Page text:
Boko Haram terrorism well-financed
PARIS — Boko Haram has ample funds, highly sophisticated weaponry and advanced training with some of the world's most experienced terrorists, the French president said on Saturday as he and African leaders grappled with how to combat the Islamic extremist group whose reach extends to five countries.
Hours after two more attacks in Boko Haram strongholds — one in Nigeria that left a village torched and 40 people dead and another in Cameroon — the leaders agreed to improve policing of frontiers, share intelligence, and trace the weapons and cash that are the group's lifeblood.
At the summit in Paris intended to hammer out a plan to find and free 276 schoolgirls being held hostage by Boko Haram, intelligence officials from the U.S., Europe and Africa shared information while heads of state and top diplomats tackled policy.
“This group is armed, with heavy weapons of an unimaginable sophistication and the ability to use them,” said French President Francois Hollande.
He said the weapons came from chaotic Libya, and the training took place in Mali before the ouster of its al-Qaida linked Islamist leaders. As for the money, Hollande said its origins were murky.
“Boko Haram is acting clearly as an al-Qaida operation,” said Nigerian President Goodluck Jonathan, who had only reluctantly accepted outside help after years of insisting the group was a local problem.
TribLive commenting policy
You are solely responsible for your comments and by using TribLive.com you agree to our Terms of Service.
We moderate comments. Our goal is to provide substantive commentary for a general readership. By screening submissions, we provide a space where readers can share intelligent and informed commentary that enhances the quality of our news and information.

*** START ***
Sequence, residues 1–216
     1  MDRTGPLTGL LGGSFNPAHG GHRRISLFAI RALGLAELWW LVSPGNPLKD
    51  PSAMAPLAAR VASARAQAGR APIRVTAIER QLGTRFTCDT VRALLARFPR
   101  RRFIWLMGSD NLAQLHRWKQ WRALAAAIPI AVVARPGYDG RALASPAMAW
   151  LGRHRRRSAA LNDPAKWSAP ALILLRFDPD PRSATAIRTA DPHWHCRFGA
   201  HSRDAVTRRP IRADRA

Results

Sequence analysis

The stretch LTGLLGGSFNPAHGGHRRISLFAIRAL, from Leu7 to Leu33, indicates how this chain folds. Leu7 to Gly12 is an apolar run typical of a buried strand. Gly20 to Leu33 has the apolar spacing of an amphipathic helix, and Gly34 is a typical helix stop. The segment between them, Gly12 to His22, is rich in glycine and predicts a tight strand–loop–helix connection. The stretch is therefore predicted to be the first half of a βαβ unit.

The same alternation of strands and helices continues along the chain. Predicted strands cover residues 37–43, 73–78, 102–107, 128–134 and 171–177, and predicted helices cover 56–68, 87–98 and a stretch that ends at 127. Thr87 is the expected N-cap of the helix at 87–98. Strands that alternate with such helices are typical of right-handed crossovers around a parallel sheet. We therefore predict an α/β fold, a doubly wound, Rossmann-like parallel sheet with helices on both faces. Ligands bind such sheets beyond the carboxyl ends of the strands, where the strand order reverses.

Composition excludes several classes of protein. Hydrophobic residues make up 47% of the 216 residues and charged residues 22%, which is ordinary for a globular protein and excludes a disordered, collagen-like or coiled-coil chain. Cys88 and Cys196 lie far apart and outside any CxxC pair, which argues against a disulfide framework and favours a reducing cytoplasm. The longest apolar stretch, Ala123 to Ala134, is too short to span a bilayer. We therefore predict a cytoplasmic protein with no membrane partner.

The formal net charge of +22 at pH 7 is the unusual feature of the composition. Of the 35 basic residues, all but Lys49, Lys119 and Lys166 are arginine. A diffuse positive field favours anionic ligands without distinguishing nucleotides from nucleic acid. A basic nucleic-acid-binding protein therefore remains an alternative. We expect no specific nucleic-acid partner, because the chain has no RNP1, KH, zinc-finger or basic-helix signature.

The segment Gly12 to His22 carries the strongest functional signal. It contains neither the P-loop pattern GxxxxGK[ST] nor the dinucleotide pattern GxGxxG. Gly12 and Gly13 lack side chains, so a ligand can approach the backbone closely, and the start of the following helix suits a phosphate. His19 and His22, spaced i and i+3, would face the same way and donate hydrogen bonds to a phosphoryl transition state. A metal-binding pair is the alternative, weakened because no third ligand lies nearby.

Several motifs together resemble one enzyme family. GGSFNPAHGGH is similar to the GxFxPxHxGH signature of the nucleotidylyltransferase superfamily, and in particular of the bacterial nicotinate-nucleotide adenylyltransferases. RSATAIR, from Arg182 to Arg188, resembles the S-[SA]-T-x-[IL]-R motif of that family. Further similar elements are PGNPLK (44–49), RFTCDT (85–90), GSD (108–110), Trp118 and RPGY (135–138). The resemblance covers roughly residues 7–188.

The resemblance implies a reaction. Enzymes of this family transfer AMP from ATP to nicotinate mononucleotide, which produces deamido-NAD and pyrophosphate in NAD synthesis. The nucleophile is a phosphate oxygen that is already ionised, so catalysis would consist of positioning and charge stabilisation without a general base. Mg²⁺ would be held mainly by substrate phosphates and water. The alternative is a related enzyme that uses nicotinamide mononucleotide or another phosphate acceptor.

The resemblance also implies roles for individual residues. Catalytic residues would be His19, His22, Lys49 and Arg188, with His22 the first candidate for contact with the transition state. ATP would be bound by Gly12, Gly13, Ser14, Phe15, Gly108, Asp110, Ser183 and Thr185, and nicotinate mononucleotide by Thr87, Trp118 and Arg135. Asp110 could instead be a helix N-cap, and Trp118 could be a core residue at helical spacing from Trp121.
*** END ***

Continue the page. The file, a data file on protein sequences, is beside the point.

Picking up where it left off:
While most comments will be posted if they are on-topic and not abusive, moderating decisions are subjective. We will make them as carefully and consistently as we can. Because of the volume of reader comments, we cannot review individual moderation decisions with readers.
We value thoughtful comments representing a range of views that make their point quickly and politely. We make an effort to protect discussions from repeated comments â either by the same reader or different readers.
We follow the same standards for taste as the daily newspaper. A few things we won't tolerate: personal attacks, obscenity, vulgarity, profanity (including expletives and letters followed by dashes), commercial promotion, impersonations, incoherence, proselytizing and SHOUTING. Don't include URLs to Web sites.
We do not edit comments. They are either approved or deleted. We reserve the right to edit a comment that is quoted or excerpted in an article. In this case, we may fix spelling and punctuation.
We welcome strong opinions and criticism of our work, but we don't want comments to become bogged down with discussions of our policies and we will moderate accordingly.
We appreciate it when readers and people quoted in articles or blog posts point out errors of fact or emphasis and will investigate all assertions. But these suggestions should be sent via e-mail. To avoid distracting other readers, we won't publish comments that suggest a correction. Instead, corrections will be made in a blog post or in an article.